The #NoEraPenal (It wasn’t a penalty) hashtag is still going strong on social networks in Mexico five days after the event.
But for all the funny memes and videos regarding referee Pedro Proenca deciding to hand the Netherland’s Arjen Robben a contentious penalty, the history books will say the European side won 2-1 and El Tri’s dream of a quarterfinal at Brazil 2014 ended in Fortaleza. The chance for redemption is four long years away at Russia 2018.
An early projection of the how the Mexico squad could look gives reason for hope about that “fifth game,” largely because the spine of the team doesn’t look too different from Brazil 2014 and those same players will have had four more years experience under their belts, whilst developing together. At least that is the theory, if there is some consistency.
PHOTOS: Netherlands-Mexico | Beautiful people in Brazil
It also means the much-lauded players coming through a youth program that has grown from strength to strength over the last 10 years will have a difficult task to replace those already in the team. That list includes the likes of Carlos Fierro, Marco Bueno, Ulises Davila, Jonathan Espericueta, Arturo Gonzalez, Jesus Corona and Antonio Briseno, who haven’t yet broken fully out, but could do so in a major way in the near future. The generational dynamic in the competition for places promises to be fascinating.
The selection choices here are based on Miguel Herrera’s 5-3-2 formation and assume that he will be one of the few Mexico coaches in history to stay in charge for a full four-year cycle.
Guillermo Ochoa, Alfredo Talavera, William Yarbrough
Ochoa is very much Mexico’s number one now and will have the chance to go on and challenge Jorge Campos and Antonio Carbajal as El Tri’s greatest ever ‘keeper.
Beneath him, there is no reason to think Talavera won’t be still around and in form in four years, while Cruz Azul’s Jesus Corona could be out of the picture at 37 years old.
Behind them, Yarbrough – born in Mexico to Texan parents and a citizen of both the US and Mexico – is the standout young ‘keeper in the Liga MX, having already won two league titles and experienced the Copa Libertadores. A big presence in net, Yarbrough is set to attract attention from the federation on either side of the border.
Diego Reyes, Hiram Mier, Hector Moreno (Captain), Miguel Herrera, Nestor Araujo, Miguel Layun, Rodolfo Pizarro, Javier Abella.
A starting center back line of Mier on the right, Reyes in the center and Moreno on the left should be an exceptionally good one moving forward, in terms of quality and balance.
Herrera and Araujo seem to be in line behind them, but it is quite open at present, with Hugo Ayala also in with a shout.
In the wing back positions, Pachuca’s Pizarro is very talented, already capped and the natural choice to challenge Paul Aguilar for the position.
Santos Laguna’s Abella on the other side is another youngster that looks destined for big things and having Andres Guardado and Miguel Layun in the squad means there will be plenty of competition for the left wing back spot.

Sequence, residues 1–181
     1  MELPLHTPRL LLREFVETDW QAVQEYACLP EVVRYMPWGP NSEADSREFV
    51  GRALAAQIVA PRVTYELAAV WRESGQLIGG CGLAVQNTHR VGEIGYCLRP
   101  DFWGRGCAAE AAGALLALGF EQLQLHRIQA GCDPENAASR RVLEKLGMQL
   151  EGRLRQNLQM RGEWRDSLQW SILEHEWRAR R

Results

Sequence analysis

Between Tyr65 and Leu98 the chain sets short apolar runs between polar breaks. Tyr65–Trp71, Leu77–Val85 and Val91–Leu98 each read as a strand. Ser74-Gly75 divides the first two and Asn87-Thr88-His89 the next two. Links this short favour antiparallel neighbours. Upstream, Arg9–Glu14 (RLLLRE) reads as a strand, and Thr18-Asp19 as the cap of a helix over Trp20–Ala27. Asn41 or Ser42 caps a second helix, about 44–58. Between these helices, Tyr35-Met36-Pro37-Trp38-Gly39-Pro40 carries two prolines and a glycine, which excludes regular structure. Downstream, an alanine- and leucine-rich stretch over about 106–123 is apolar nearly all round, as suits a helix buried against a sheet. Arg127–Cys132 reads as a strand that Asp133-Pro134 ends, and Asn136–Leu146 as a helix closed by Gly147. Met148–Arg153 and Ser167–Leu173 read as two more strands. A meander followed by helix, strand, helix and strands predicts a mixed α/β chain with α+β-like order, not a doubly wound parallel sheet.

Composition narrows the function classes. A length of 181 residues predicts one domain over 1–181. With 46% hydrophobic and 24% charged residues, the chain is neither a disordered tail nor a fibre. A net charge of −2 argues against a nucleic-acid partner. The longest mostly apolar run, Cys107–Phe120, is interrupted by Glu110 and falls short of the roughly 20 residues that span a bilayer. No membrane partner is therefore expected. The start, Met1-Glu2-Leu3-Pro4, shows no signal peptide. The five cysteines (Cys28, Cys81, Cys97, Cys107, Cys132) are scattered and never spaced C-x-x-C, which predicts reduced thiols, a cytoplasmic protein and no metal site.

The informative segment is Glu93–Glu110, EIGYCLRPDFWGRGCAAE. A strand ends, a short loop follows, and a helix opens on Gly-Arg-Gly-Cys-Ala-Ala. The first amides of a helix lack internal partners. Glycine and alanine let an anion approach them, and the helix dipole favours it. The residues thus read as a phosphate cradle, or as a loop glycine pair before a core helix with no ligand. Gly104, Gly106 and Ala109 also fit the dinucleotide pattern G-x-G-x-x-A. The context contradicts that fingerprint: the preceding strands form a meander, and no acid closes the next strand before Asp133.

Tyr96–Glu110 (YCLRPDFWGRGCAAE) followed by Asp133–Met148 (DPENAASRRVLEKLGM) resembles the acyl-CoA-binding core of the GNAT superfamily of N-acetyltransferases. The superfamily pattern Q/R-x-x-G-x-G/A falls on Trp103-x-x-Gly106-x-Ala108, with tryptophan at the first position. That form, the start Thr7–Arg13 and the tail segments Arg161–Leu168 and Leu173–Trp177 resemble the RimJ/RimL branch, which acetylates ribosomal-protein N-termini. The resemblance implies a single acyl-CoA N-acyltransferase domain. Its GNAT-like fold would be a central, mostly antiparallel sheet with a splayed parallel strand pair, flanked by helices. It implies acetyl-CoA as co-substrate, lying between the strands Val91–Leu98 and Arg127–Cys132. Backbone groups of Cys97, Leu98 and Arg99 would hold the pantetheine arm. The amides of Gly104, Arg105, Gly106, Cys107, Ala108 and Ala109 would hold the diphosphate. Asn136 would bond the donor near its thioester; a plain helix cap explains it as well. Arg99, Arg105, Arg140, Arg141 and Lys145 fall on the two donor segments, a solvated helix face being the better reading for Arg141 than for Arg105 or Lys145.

Jose Juan Vazquez, Alonso Escoboza, Jurgen Damm, Marco Fabian, Carlos Pena, Andres Guardado, Hector Herrera.
Vazquez’s performance was the most gratifying surprise for Mexico in Brazil and he is in position to capitalize moving forward. In this squad, if he is out injured, Hector Herrera or Diego Reyes could fill in there, but it’d be ideal if Jesus Zavala, Jorge Enriquez or Jose Carlos Van Rankin found some consistent form. Club Tijuana’s midfielder warrior Javier Guemez – who has a bit of Gennaro Gatuso about him - also shouldn’t be discounted.
Ahead of them, Herrera is key. He could be playing for a European giant by the time the next World Cup swings around if he continues as he has and could well be a world star.
Alongside, Guardado worked well in Brazil, although any of the others could step up. Escoboza is left –footed and, like Damm, developing rapidly, while Pena and Fabian will be at their peaks. Isaac Brizuela and Javier Aquino are other strong contenders.
Javier Hernandez, Alan Pulido, Giovani Dos Santos, Raul Jimenez, Carlos Vela.
By 2018, ‘Chicharito; Hernandez will be Mexico’s highest-ever goal-score and a veteran at 30. Will Russia 2018 will be the first World Cup at which he is a starter?
The competition is strong, with Pulido and Jimenez likely to be in Europe by then and Dos Santos at the peak of his powers.
Then there is Vela. Who knows how the saga will turn out? It is entirely possible that he never returns to the national team, or he could commit tomorrow.
What Brazil 2014 did make clear is that Mexico could do with a player of Vela’s ability on the field to create something out of nothing. But whether Herrera needs Vela’s presence off the field in what was, in the end, a harmonious squad is a different question altogether.